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By Nicole Schwarz, MA, LMFT

Sending a child to school has its fair share of anxiety for any parent. But for parents sending children with allergies or health concerns, there is an extra layer of apprehension involved.

One common concern among parents is how to keep their child from feeling left out in the classroom. With class party treats they can’t eat, activities they can’t enjoy, and separate lunch tables, it’s easy to understand why parents worry.

Instead of being driven by anxiety and fear, empower your children with skills they can use in their classroom.

Here are nine ways to support your child:

  1. Empathize with their experience: When your child comes home talking about being left out at school, resist the urge to rush in and defend them, call the teacher, or solve the problem. Instead, just be present with your child in their experience. Make a guess about what they may have been feeling and respond, “That sounds (fill in the emotion).”
  2. Brainstorm solutions together: Often, parents are quick to rush in and “fix” the problems for their kids. Unfortunately, kids miss out on a valuable lesson in problem-solving. Work together to explore ideas and possibilities that your child can try during the school day. Then, check in after school and see how it went. Revise as necessary.
  3. Give them medical information: Many kids feel more empowered when they understand the “why” behind their restrictions so they can explain it to others. Young kids may say, “Eating peanut-free is the healthiest choice for me!” Older kids may say, “My body sees gluten as an intruder and attacks! Unfortunately, this makes me really sick.”
  4. Practice assertive body language: Demonstrate the difference between “passive” (shoulders slumped, eyes down) and “aggressive” (hands in fists, eyes glaring) and “assertive” (stand tall, shoulders back, eyes up). Encourage your child to use assertive body language when they are feeling bullied or left out at school.
  5. Find a confident voice: Similar to body language, tone of voice can also be “passive,” “aggressive,” or “assertive.” Have your child say the same sentence using the three different tones. Practice using the assertive tone, combined with assertive body language. Talk about how this can be used when they are feeling picked on at school.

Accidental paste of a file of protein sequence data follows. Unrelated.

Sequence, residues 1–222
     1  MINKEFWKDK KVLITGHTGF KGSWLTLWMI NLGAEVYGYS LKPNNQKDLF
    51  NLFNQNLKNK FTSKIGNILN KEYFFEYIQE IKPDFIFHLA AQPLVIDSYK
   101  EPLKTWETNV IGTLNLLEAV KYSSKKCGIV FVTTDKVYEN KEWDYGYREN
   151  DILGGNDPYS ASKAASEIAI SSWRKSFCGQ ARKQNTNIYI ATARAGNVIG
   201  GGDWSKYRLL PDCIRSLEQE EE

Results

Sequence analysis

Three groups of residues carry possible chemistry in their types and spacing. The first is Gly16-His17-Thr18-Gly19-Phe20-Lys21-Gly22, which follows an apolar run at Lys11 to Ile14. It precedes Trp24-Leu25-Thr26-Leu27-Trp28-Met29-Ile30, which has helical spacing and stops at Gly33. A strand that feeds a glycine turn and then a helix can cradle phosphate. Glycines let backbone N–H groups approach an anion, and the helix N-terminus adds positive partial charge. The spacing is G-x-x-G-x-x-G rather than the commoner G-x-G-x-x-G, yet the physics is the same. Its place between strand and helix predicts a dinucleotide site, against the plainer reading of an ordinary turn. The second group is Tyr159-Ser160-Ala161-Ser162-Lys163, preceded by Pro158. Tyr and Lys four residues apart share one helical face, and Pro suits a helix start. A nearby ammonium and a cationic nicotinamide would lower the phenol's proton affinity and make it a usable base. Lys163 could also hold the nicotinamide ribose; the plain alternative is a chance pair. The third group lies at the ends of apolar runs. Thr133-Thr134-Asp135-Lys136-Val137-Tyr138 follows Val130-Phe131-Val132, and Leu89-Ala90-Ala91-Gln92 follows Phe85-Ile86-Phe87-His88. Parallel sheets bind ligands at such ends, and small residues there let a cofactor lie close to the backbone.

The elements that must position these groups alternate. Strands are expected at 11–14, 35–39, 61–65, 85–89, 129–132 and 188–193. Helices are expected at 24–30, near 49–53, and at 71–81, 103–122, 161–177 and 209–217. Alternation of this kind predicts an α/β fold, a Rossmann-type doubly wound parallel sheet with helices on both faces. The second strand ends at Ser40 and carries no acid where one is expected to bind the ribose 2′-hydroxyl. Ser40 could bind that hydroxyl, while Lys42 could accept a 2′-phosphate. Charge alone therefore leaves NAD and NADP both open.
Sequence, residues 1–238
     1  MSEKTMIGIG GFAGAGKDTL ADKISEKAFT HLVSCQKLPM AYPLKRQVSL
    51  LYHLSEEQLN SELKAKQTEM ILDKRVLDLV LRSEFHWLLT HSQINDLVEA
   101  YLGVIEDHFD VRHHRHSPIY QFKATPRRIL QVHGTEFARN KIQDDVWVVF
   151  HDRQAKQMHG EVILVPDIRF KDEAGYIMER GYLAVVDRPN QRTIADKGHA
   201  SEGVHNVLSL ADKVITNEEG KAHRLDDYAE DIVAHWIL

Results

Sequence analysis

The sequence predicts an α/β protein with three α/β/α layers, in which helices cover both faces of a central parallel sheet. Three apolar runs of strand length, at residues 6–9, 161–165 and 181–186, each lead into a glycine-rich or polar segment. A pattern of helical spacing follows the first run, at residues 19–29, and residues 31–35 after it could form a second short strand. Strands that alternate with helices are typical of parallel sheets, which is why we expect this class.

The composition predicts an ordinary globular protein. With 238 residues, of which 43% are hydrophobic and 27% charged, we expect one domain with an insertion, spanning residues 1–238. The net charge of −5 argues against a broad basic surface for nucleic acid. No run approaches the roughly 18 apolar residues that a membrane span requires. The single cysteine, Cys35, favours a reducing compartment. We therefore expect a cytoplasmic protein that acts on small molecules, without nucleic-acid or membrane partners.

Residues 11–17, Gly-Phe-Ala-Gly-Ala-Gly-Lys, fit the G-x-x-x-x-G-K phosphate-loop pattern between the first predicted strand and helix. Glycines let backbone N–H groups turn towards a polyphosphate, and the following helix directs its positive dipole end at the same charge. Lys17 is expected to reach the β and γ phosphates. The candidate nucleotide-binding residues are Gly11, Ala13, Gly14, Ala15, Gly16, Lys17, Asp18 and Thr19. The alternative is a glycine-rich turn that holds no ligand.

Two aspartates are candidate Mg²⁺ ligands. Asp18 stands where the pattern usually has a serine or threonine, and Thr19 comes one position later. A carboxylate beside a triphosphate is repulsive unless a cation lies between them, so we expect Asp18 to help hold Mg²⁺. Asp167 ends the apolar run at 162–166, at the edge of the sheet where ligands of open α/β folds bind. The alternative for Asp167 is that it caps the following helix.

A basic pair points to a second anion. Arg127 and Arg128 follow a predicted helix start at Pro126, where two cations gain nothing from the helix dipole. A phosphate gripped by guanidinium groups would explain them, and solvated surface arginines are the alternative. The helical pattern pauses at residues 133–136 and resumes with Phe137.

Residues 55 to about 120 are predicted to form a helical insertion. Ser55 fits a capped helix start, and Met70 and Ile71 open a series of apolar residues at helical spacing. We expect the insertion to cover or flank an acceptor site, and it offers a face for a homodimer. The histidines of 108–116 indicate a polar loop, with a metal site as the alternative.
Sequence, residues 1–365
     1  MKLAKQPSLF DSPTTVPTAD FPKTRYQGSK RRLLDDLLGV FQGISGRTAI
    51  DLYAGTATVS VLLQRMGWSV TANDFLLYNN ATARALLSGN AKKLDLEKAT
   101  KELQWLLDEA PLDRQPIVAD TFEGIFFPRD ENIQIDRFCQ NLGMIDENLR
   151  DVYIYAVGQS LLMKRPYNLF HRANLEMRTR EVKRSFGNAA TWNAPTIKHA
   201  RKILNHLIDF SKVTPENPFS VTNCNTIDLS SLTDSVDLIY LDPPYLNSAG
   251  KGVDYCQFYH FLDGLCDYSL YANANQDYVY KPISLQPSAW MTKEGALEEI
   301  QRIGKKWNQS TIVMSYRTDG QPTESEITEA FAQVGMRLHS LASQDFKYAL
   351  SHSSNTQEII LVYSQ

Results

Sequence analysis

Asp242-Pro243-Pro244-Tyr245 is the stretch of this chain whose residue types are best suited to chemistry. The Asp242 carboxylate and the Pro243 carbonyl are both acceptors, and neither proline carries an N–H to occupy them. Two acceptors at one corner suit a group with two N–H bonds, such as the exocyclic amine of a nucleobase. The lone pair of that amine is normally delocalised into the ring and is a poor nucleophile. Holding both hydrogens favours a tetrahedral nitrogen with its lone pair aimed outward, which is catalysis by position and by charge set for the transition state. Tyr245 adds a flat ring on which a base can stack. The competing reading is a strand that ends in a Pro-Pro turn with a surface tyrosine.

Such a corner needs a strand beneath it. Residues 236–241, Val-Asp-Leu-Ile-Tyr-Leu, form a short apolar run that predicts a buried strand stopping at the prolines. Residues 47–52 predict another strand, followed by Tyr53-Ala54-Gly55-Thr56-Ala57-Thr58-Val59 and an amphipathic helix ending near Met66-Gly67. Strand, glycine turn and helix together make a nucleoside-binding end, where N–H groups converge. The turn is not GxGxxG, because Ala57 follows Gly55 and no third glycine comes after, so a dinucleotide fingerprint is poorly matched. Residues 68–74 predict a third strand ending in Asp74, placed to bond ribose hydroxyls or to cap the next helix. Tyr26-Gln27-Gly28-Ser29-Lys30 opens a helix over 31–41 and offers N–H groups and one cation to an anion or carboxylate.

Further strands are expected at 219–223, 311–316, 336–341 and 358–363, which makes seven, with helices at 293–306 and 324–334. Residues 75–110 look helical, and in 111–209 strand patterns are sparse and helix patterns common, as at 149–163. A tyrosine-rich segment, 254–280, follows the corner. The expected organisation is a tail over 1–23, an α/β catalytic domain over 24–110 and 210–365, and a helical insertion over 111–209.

6. Encourage a variety of friendships: Resist the urge to “force” friendships based on a similar allergy. Older kids are often struggling to strike a balance between being an individual and being accepted into the crowd. Focus on helping your child build healthy friendships with positive people.
  7. Create positive mantras: Work with your child to write a few positive, uplifting phrases to repeat during the school day. These may or may not have anything to do with your child’s allergy. They are true statements, even if they do not feel true at the time: “I am brave.” “I am friendly.” “I make healthy choices.” “I am more than my allergy.”
  8. Empower your child to make changes in their school: If your child is willing, give them an opportunity to educate their peers, teachers or staff at school. Maybe your child will decide to make the class a wheat-and-dairy-free treat. Maybe he or she will write a story about an epinephrine auto-injector, explaining what it’s for and how it works.
  9. Manage your own anxiety: Sometimes our own worries trickle down to our kids. If you are anxious about your child feeling left out, they may begin to worry as well. It’s not easy to parent a child with a health concern. Take time to focus on your own self-care, find a supportive community, or seek help from a mental health provider.

Instead of anticipating the worst, prepare your child to be successful in their classroom. Allergies and health concerns may set them apart, but it doesn’t mean your child will suffer. Empower them to feel confident, create solutions that work, and build friendships based on factors beyond what they can or cannot eat!


Nicole-SchwarzNicole Schwarz is a mom to three young girls, one of whom has celiac disease. She is a parent coach and licensed therapist. She provides positive parenting tips, strategies for managing anxiety, and support for parents on her blog, Imperfect Families. She is also the author of an ebook, Positive Parenting for Imperfect Families.


Kids With Food Allergies (KFA) invites authors to contribute guest blogs. In return, we link to their websites or blogs. These links are not an endorsement or sponsorship of content on these third-party sites. For more information, please refer to our terms of service.


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